This August the lost voices of 18th century Black revolutionaries will be uncovered in The Ancestors, a brand new theatrical collaboration between the National Youth Theatre, the University of Warwick, and Shout Out Loud, English Heritage’s national youth engagement programme.
The new work, to be performed outdoors at Portchester Castle in Hampshire this summer, is a response to a colonial and racist production performed at the castle by French captives in the early 19th century. With a fresh perspective on the history of Portchester’s Black prisoners of war and the Caribbean uprisings, The Ancestors re-examines the past and offers a new voice to the people involved.
In the late 18th and early 19th centuries Portchester Castle served as a prisoner-of-war depot for soldiers captured by British forces during the Napoleonic wars. In 1807, a play entitled The Revolutionary Philanthropist or Slaughter on Haiti was performed by prisoners of war aboard a prison ship in the shadow of the castle – the play, set in 1793, tackled the incendiary topic of the uprising of enslaved people in the Caribbean, but was told from the colonial perspective and was steeped in racist attitudes.
The Ancestors will theatrically retell the narratives of people captured and held at Portchester to create a “decolonised” site-specific new play in response to the legacy of Caribbean uprisings and the experience of Black prisoners of war and enslaved people of African descent. Audiences will discover the stories of a number of characters from history – a clique of Caribbean maroon warrior women; a general of Haiti and his right-hand man; an ex enslaved couple reclaiming their land; a group of Black French Caribbean soldiers held captive in Portchester, and their wives travelling across the Atlantic to be reunited with them.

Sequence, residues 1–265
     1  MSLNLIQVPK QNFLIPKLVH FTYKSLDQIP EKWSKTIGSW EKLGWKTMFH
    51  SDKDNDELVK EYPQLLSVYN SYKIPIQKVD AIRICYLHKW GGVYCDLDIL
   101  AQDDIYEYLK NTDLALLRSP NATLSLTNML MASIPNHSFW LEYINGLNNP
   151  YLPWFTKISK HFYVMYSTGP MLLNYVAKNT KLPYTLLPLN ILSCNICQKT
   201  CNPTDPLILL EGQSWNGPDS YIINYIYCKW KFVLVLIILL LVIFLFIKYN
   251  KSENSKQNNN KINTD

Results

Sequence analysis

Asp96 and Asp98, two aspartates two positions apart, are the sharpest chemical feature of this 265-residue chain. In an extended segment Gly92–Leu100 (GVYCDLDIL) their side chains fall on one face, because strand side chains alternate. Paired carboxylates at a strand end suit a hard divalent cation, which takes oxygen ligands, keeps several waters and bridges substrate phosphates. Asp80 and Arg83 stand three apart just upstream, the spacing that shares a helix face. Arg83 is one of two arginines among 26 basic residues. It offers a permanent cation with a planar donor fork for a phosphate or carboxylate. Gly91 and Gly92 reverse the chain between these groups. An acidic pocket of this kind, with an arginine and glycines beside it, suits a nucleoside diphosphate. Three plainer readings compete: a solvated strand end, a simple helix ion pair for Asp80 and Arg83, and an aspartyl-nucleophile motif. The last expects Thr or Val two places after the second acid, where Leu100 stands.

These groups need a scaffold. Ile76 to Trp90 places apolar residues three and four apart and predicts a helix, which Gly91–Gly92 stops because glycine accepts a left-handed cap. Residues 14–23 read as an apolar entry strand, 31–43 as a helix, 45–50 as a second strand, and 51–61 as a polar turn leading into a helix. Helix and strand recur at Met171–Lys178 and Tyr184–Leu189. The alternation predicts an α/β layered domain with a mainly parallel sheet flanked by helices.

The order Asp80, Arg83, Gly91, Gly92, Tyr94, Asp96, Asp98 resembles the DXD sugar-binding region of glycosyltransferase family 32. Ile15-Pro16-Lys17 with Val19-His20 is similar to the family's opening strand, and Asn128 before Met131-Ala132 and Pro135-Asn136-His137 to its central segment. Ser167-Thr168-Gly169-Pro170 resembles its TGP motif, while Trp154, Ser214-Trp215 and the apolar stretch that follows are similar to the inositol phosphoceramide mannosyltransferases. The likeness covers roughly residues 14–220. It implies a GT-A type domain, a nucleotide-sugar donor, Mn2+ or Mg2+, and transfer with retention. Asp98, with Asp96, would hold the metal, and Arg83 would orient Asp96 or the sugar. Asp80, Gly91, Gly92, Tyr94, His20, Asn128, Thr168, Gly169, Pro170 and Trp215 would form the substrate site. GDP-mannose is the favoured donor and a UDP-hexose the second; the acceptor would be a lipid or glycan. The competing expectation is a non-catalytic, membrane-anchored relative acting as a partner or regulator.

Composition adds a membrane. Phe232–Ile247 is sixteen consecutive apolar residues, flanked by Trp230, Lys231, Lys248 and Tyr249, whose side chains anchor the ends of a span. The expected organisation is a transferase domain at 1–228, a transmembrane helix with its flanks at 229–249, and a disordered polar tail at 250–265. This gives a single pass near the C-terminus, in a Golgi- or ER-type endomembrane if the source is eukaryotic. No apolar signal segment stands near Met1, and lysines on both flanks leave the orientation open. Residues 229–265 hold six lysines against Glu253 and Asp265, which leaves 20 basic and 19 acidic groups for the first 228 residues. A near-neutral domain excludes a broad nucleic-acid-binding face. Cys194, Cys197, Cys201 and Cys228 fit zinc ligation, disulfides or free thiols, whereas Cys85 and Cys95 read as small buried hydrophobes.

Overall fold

Staged and created with a cast made up of exciting new talent drawn from the local area and around the UK, this dynamic site-specific production will explore place, power and freedom in promenade performances throughout the castle grounds. The female-led production is written by Lakesha Arie-Angelo (Graveyard Gang; Tamasha Theatre’s associate company; Purple Moon Drama) and directed by Jade Lewis (Superhoe for Royal Court Theatre), The play will focus on the lost voices of women, with a particular spotlight on Black women, and has been developed with the writer alongside a group Black female-identifying NYT members, local participants and director Mumba Dodwell through on-going R&D sessions.
Anna Eavis, Curatorial Director at English Heritage comments: We are thrilled to work with the National Youth Theatre on such an inspiring project. English Heritage is committed to telling the history of England in full – and at Portchester that means the stories of the thousands of Black Caribbean prisoners held there during the Napoleonic wars. Our work with the University of Warwick has revealed more about their lives and we hope this play will give these prisoners the voices they were denied during their time at the castle.
Paul Roseby, CEO and Artistic Director of National Youth Theatre, said: After our award-winning collaboration in 2019 we’re teaming up with English Heritage again to uncover another important story from our buried past. The Ancestors will shine a light on vital lost voices and will be beautifully and poetically brought to life. The urgency of this work is sadly more poignant than ever before.
The best-preserved Roman fort in northern Europe, Portchester Castle was in use for more than 1,000 years, and has a somewhat surprising history as a prisoner-of-war depot for soldiers captured by British forces during the Napoleonic wars of the 18th and 19th centuries. In 1796, more than 2,000 Black Caribbean prisoners of war were held at Portchester, including more than 100 women and children. The new play will shine a new light on the lives of the prisoners of war held at Portchester Castle and offer an important window into England’s story.